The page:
I read through the New York Times obituary for Julie Harris this morning in search of a reference to The Haunting, my nominee for the scariest movie of all time.
Miss Harris, who died on Saturday, made her considerable mark in the theater, but I know her best for her work in Robert Wise’s 1963 classic that has been scaring the beejeezus out of me since I was eight years old.
I suppose that’s one way of putting it.
The Haunting is a terrifying ghost story that manages to frighten us without blood, guts, CGI or buckets of flying pea soup. No, Wise combined good filmmaking, three-dimensional characters, and fine actors, to strike fear into the hearts of audiences.
The spookiest thing about the film is what we don’t see. There are all kinds of ungodly noises—pounding on doors, hideously indecipherable chants and wailings, but there are no ghouls or freaks in hockey masks.
Wise lets our imaginations fill in the horrifying blanks and that’s far more frightening than any computer generated hobgoblin.
Miss Harris plays Nell, an emotionally disturbed woman who joins a small research group investigating the strange goings-on at Hill House, an extremely creepy old New England mansion.
I Hear You Knocking...
Nell is central to the plot and Miss Harris plays her perfectly. We learn that Nell had taken care of her invalid mother for years and now lives a miserable existence at her sister’s home.
She seizes the chance to escape to Hill House and the chilling thing is that even though this sinister place reeks of evil, she is drawn to the house because in some sick way it offers an escape from her pitiful life.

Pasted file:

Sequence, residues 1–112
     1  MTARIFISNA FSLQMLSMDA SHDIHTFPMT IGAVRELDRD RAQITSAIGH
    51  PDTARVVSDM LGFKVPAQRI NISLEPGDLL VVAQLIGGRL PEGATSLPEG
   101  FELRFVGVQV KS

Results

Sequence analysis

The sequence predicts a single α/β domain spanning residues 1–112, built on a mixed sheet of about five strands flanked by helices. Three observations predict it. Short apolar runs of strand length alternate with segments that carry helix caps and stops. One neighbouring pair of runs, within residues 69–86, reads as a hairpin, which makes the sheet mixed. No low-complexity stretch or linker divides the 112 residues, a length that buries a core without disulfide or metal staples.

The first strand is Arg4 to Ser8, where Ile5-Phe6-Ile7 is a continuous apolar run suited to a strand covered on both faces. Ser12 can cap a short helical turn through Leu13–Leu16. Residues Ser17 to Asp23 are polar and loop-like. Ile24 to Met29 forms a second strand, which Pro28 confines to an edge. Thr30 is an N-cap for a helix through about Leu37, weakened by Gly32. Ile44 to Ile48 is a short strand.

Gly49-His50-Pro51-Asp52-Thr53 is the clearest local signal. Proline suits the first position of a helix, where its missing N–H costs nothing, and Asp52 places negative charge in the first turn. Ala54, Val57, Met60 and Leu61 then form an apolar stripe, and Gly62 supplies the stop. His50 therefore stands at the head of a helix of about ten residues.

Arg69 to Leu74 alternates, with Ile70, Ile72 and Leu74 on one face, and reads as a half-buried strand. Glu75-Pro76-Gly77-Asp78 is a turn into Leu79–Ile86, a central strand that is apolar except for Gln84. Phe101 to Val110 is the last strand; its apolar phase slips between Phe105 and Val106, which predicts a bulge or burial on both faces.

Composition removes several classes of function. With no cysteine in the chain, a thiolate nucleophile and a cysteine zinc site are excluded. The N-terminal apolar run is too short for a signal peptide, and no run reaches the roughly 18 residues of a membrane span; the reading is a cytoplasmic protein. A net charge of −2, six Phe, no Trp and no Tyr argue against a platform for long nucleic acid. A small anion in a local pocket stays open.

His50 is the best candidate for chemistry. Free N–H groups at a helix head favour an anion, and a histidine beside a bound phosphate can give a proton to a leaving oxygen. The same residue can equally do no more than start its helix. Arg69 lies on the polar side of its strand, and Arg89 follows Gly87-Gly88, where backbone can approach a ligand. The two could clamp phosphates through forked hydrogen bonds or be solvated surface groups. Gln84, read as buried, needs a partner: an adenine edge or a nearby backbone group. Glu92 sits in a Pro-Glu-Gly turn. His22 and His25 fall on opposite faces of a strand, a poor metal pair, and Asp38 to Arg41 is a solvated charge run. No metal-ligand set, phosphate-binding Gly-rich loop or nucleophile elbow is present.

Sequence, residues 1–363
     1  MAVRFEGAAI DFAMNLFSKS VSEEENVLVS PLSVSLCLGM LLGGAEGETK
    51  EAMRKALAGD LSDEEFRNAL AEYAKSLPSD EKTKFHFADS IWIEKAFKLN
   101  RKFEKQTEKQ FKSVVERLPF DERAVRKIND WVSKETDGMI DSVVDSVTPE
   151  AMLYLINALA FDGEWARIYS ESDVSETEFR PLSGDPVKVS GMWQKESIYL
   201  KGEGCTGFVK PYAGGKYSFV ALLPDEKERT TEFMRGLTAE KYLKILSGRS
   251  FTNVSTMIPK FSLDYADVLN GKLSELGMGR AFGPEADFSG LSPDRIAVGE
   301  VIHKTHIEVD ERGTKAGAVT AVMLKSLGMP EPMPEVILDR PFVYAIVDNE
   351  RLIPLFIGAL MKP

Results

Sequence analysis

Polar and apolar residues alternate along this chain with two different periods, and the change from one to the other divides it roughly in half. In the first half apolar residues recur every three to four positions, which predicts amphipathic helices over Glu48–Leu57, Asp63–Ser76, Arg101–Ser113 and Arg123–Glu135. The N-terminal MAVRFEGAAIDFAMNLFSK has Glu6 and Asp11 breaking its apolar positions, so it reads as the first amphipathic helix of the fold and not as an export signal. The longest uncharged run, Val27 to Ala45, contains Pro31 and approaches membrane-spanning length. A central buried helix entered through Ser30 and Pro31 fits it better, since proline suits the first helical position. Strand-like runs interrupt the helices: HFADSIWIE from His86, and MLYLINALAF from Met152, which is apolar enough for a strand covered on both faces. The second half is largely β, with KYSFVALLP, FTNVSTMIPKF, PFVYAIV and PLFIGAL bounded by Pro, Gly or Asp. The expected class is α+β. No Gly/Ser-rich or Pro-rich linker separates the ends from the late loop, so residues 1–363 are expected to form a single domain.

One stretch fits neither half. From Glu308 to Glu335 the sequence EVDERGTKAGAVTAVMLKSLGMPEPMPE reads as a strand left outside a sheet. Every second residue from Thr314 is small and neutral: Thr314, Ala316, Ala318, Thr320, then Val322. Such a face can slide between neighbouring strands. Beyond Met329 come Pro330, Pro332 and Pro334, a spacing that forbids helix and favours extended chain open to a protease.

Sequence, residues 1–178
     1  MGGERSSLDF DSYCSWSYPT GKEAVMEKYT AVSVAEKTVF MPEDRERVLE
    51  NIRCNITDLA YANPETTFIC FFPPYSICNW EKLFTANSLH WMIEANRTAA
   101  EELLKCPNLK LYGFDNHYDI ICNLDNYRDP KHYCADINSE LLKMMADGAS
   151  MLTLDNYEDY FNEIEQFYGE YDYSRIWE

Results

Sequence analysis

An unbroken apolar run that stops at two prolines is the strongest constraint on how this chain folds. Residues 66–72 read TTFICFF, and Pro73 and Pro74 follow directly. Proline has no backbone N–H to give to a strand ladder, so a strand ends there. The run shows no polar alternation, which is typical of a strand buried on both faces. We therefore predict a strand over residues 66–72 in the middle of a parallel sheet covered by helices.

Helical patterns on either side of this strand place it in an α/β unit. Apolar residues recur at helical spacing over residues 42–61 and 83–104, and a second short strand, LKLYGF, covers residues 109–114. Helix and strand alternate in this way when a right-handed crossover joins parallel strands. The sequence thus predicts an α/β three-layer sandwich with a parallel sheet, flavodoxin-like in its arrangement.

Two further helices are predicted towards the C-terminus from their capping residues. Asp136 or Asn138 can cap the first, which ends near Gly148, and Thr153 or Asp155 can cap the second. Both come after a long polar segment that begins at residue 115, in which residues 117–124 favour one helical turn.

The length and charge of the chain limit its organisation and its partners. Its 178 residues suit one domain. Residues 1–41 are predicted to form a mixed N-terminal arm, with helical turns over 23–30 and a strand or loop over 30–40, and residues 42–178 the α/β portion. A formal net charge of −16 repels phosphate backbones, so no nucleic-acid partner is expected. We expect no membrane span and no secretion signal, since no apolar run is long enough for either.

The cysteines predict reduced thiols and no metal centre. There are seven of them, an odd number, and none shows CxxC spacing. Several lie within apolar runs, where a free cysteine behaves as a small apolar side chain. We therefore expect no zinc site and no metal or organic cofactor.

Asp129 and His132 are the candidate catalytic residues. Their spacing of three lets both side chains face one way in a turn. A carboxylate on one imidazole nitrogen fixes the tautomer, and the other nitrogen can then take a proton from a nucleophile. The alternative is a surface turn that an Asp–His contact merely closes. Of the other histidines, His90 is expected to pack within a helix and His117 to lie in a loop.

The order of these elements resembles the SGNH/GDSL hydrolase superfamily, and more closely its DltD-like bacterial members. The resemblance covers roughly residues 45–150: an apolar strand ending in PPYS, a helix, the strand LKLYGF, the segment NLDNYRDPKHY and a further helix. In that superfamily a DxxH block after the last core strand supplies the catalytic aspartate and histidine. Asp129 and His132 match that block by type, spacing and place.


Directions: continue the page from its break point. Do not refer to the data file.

Claire Bloom plays Theodora, another member of the group, who befriends Nell. Theodora is a lesbian, but the message is delivered with such subtlety that I didn’t pick up on it for years.
Rosalie Crutchley does a great turn as the demented Mrs. Dudley, the caretaker’s wife, who cranks up the crazy early on by telling Nell in a lobotomized tone that “there won't be anyone around if you need help… No one will come…in the night…in the dark.”
Our family loved this movie so much that we actually rented a TV to watch it at our summer vacation home in the Poconos.
The rest of the time up there we went tube-free, but this was one of the few instances where we allowed to look at what my father called “the Idiot Box” while we were away from Brooklyn.
The movie was frightening enough when we watched it at home, but viewing it in our country house where there were no streetlights outside, where “dark” was seriously dark, I was ready to dive under the couch.
If I had to make a complaint about the film, I’d say there’s a little too much voiceover narration. We hear too much of Nell’s thoughts in scenes where the visuals were powerful enough.
There was a despicable remake of this film, which I refuse to link to and which I actually paid good money to watch in a theater. It is the opposite of the original in every way and that ain’t good news.
I never had the pleasure of seeing Miss Harris on the stage, something I deeply regret. But her role as a spinster beset by evil spirits is permanently carved into my memory and I can’t thank her enough.